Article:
Always use -t with ssh-add (and always set passwords on your ssh keys)


Mike Gerwitz

Many people use SSH keys for the sole purpose of avoiding password entry when logging into remote boxes. That is legtimate, especially if you frequently run remote commands or wish to take advantage of remote tab complation, but creating a key with an empty password is certainly the wrong approach—if an attacker gets a hold of the key, then they have access to all of your boxes before you have the chance to notice and revoke the key.

ssh-agent exists for this purpose. The problem is—creating an agent only to place the key in memory indefinately is also a terrible idea. If your system does become compromised and the attacker is either root access or access as your user, then they can simply connect to the ssh-agent (unless it's password protected) and start using your key. Also consider that, should you leave your box unattended for even a moment without locking it (for whatever reason—shit happens), an attacker could gain physical access to your PC (and an attacker may just be a coworker looking to play a prank).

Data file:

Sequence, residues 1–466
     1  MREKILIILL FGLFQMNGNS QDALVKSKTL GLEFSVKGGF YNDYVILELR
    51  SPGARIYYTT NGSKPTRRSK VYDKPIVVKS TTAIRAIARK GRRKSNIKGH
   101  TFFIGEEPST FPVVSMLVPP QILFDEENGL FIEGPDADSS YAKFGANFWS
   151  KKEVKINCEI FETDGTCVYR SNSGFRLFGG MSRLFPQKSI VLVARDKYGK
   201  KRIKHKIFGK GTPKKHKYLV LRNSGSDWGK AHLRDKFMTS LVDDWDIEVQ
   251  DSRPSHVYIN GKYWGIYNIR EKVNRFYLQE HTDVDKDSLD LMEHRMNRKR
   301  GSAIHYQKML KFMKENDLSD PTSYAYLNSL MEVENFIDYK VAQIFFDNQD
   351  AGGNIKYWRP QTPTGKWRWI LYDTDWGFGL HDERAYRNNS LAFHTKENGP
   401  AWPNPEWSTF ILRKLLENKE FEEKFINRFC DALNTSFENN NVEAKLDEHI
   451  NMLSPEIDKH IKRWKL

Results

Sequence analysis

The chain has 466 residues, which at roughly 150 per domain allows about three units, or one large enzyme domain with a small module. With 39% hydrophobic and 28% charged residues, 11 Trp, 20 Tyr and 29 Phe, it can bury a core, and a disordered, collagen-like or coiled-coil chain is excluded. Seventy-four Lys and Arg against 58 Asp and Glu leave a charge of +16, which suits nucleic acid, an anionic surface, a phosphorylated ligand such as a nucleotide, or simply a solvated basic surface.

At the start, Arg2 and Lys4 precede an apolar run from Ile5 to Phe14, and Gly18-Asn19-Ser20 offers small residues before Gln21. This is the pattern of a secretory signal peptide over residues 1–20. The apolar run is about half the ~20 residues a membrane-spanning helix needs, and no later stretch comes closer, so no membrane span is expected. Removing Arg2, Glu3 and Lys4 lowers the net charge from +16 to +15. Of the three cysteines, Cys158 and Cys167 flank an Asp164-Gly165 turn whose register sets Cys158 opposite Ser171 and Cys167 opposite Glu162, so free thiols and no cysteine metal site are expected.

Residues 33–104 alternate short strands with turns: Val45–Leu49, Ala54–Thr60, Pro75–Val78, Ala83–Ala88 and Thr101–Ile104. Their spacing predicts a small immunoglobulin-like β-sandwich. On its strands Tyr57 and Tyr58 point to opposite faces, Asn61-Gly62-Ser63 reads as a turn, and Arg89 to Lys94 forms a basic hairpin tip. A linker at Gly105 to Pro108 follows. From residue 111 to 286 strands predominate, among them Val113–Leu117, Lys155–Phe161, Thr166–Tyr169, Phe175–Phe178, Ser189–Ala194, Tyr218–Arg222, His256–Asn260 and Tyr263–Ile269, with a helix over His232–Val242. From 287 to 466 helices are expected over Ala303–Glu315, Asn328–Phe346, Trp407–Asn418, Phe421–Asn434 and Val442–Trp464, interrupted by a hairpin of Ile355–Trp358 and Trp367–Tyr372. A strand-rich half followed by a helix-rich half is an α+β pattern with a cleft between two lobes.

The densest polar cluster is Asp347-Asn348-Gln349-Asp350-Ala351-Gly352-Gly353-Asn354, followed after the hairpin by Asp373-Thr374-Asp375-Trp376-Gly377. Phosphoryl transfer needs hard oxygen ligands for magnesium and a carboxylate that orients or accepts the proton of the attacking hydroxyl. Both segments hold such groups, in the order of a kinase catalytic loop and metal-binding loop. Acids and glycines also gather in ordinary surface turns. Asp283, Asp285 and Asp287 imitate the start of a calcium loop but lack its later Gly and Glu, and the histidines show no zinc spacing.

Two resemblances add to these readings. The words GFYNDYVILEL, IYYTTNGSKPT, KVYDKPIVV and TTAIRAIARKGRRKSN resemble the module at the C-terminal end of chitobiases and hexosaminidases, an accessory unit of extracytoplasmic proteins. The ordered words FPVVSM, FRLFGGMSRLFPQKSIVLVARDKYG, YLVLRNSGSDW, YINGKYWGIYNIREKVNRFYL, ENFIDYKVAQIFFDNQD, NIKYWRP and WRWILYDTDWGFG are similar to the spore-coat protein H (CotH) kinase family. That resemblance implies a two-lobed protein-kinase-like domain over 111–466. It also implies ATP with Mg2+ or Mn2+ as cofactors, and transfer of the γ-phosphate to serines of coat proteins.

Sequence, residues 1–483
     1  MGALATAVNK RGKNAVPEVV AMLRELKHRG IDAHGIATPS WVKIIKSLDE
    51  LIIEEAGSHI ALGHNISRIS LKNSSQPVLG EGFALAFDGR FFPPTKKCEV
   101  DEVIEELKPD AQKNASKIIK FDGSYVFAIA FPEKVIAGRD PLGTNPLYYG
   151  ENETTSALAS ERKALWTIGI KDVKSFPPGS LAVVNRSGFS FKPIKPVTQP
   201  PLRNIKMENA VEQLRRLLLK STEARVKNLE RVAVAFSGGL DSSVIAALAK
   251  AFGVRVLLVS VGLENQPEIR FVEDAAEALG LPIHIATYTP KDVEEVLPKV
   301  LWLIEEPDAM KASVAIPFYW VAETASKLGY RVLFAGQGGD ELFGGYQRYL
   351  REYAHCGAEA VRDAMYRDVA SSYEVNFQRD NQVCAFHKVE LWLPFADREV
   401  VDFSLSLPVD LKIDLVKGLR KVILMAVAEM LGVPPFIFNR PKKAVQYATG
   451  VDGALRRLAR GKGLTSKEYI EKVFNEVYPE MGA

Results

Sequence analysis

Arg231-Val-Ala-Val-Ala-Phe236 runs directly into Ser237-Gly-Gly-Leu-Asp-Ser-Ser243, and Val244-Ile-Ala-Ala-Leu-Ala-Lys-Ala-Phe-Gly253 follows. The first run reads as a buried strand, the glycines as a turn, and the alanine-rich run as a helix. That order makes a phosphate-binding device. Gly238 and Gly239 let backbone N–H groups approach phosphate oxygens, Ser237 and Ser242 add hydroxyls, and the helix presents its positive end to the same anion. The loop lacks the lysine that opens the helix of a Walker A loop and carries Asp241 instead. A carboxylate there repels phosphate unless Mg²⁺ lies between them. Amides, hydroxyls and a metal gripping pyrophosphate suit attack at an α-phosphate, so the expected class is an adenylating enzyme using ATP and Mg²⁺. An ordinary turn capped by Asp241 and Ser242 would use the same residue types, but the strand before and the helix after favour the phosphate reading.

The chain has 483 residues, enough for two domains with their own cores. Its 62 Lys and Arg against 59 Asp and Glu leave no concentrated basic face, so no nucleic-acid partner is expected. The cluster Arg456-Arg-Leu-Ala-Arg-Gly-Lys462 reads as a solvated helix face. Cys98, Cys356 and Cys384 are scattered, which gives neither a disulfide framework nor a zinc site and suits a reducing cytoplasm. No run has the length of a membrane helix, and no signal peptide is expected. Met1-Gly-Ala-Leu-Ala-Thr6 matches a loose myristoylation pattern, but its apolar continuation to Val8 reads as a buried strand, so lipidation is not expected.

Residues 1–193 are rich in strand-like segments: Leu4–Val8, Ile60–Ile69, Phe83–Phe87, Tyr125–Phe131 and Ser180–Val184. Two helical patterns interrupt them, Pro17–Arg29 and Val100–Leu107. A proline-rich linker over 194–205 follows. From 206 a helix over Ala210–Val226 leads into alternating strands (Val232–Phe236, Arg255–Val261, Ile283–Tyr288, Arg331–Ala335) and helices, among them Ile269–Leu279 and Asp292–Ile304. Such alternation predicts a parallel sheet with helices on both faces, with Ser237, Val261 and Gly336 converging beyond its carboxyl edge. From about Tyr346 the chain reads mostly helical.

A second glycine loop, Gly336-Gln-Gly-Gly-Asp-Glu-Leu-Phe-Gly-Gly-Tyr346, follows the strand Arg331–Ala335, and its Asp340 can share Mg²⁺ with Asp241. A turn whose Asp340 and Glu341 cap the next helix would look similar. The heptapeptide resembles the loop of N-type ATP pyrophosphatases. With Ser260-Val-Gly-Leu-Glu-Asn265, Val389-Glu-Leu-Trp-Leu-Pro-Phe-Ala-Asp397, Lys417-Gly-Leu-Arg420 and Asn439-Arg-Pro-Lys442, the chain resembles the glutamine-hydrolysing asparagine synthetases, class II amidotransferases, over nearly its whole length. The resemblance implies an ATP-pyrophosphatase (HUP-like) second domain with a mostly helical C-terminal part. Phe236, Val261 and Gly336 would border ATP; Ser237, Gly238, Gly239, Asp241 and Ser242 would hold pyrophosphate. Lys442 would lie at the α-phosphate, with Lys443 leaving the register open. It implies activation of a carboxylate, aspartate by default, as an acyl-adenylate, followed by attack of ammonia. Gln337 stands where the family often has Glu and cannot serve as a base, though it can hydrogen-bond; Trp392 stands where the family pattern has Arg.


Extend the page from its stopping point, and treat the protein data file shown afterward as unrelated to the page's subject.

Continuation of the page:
Every morning at work, I begin the day by typing ssh-add followed by an appropriate lifetime (be it the duration of the work day, or the duration that I think I will need the key). This way, your key is in memory when you are likely to be physically present at the box and it is automatically removed from memory after a given lifetime. Additionally, I like to add `ssh-add -D` to the script that locks my PC when I walk away from my desk: that will immediately clear all keys from memory, just in case.